Progressive Vandalism By Indian Tech Community

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Tue Feb 6, 2024 · 1237 words · 7 min
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Disclaimer: I have no personal interest in bashing Indians. I'm from India too. For better or worse, I also happen to be from the same university as the instructor of the recently viral video about Git/GitHub.

2nd Disclaimer: No, this is not racism. ~17% of world's population is Indian, so I understand that a proportional amount of BS I see on the internet would also come from India. Regardless, there only so far we can go by saying "we got a huge population". Issues need to be addressed.

This post comes after I watched The Primeagen's recent video about the Express GitHub repo spam. I appreciate his balanced take. Its indeed a good idea to not assume that there was malicious intent in the instructor or the students who followed the tutorial.

Having been in open source before the vandalization started and seeing everything in the Indian context, its imperative that I'm not happy about the present state of affairs and choosing to finally write about it.

Race to be separate from competition

Due to the low opportunity vs job seeker ratio, its understood that the scene here is highly saturated. People want a different way - not necessarily short-cuts. They just want a path where they can breathe, have space and not feel lost in the crowd.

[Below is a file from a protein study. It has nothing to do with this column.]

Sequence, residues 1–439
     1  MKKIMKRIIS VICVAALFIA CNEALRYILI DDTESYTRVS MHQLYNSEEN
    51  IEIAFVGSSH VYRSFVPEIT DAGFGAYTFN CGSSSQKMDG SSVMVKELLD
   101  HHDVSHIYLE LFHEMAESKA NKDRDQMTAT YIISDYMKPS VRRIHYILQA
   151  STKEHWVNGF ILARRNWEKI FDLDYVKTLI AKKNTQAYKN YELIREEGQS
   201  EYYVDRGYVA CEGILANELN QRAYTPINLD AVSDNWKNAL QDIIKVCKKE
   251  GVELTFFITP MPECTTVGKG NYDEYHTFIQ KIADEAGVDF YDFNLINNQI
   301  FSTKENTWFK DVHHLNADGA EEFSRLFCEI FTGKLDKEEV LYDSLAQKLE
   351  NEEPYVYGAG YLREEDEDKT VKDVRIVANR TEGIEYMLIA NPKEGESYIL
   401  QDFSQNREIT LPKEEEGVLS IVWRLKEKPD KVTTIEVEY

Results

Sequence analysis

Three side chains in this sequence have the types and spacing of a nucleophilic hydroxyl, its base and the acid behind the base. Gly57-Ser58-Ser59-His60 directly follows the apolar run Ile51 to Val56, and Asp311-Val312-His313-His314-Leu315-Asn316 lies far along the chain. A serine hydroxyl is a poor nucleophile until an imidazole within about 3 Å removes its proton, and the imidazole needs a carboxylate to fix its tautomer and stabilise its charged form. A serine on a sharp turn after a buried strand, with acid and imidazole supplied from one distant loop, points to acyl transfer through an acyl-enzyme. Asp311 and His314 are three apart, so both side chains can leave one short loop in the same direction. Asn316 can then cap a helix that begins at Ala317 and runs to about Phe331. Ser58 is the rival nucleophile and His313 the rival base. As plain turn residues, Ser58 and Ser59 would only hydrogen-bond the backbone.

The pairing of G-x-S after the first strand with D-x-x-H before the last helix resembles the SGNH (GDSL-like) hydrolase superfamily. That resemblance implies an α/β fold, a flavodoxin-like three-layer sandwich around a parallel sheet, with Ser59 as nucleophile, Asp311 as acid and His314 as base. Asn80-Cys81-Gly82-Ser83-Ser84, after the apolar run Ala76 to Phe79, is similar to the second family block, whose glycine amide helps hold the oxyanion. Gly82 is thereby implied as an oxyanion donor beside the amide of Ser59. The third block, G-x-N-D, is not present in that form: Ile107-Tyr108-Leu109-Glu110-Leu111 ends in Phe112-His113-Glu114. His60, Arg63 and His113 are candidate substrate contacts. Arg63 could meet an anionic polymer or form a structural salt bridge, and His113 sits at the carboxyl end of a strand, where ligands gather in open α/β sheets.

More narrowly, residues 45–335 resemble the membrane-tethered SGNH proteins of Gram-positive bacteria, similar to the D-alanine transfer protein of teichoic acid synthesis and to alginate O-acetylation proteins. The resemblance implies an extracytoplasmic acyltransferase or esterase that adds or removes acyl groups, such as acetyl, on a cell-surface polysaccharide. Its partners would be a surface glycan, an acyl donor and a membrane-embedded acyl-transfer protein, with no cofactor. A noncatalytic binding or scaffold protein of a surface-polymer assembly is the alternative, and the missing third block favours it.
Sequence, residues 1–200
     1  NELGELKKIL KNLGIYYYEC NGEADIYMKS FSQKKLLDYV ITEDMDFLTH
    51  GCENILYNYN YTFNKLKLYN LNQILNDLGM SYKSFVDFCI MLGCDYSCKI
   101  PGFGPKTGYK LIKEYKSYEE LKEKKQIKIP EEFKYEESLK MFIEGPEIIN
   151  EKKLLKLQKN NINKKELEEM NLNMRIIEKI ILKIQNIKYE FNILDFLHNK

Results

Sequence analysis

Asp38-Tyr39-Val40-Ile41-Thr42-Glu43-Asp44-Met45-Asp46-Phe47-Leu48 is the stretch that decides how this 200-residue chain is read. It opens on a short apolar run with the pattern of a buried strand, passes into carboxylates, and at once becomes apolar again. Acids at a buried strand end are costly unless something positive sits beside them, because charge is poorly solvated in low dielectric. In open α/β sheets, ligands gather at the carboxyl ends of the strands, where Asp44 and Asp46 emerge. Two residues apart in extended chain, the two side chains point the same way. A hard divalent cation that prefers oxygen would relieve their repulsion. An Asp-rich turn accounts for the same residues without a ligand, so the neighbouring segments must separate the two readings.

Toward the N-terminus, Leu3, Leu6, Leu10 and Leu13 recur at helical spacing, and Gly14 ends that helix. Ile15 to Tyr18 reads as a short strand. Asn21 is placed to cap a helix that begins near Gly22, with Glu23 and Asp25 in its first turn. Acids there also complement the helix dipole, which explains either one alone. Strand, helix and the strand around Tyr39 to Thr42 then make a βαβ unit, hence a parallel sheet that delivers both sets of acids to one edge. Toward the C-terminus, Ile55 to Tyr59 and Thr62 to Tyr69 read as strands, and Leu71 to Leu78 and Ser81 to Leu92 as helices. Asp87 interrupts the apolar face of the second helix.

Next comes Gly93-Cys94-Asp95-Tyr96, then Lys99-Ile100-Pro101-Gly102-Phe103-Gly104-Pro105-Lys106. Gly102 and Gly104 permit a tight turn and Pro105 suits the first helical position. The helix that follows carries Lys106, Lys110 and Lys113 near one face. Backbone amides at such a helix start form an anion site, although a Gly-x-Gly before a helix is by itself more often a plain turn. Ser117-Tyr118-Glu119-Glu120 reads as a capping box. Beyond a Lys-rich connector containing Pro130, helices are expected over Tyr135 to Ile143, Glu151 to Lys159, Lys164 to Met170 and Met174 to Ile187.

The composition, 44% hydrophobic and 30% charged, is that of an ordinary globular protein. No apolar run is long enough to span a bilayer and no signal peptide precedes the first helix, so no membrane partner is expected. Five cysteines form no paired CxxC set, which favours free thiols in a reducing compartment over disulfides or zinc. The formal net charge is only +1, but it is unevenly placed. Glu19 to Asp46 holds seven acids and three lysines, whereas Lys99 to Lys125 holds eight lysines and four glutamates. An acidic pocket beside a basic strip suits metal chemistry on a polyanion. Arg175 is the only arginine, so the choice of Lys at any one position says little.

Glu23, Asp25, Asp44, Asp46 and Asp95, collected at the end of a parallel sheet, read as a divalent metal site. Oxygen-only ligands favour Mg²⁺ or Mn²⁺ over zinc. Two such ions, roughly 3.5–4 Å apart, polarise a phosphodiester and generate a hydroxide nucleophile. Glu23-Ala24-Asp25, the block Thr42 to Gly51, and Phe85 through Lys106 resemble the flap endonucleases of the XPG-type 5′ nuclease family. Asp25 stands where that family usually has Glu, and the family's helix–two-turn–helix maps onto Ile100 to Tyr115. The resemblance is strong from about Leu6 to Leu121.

Hype trains go very well in such a setting.

It started with the FAANG hype, when these creators launched all sorts of courses for DSA (data structures and algorithms). We saw companies rise up whose primary offerings are DSA courses and interview preparation.

Once the FAANG scene was sufficiently saturated, students again wanted a breath of fresh air. Creators shifted to hyping open source. It led to the GitHub repo spam we saw with Express (and the various instances in the past). If students are spamming one repo en masse after watching a specific video, it wouldn't be wrong to say that the instructor - even if unintentionally - made a mistake there. Google Summer of Code is saturated too, with students who have no idea about the philosophy of open source.

The next stop for them is remote jobs. A certain YouTuber has spent enough time hyping remote jobs already. This is now followed by creators pushing out "roadmaps" to "cracking" remote jobs.

The Larger Signalling

These creators spread their agenda over multiple fronts so that they can't be criticized easily. It played out very well with Primeagen, when he acknowledged that the YT video was primarily an educational video.

Reality is that once you look at there creators' wider appeal, they aren't educators. They're peddlers of motivation, dreams and hype. I prefer calling them influencers. Their follower base is of a very specific kind - one that wants to be spoonfed and shown grand dreams. Influencers are well aware of this. These influencers intentionally targeted their content to such a group when they were building their following. Even when they push out an educational video, experience has taught us that it'll wreck something or the other.

Dream Peddler

This is an even more sensitive issue here, because a lot of students belong to under privileged background. They can be easily lured by these dreams. Learning will take a backseat. Primeagen too acknowledged the fact that had someone pitched open source to him back in the days, he'd have certainly jumped right in. (15:00)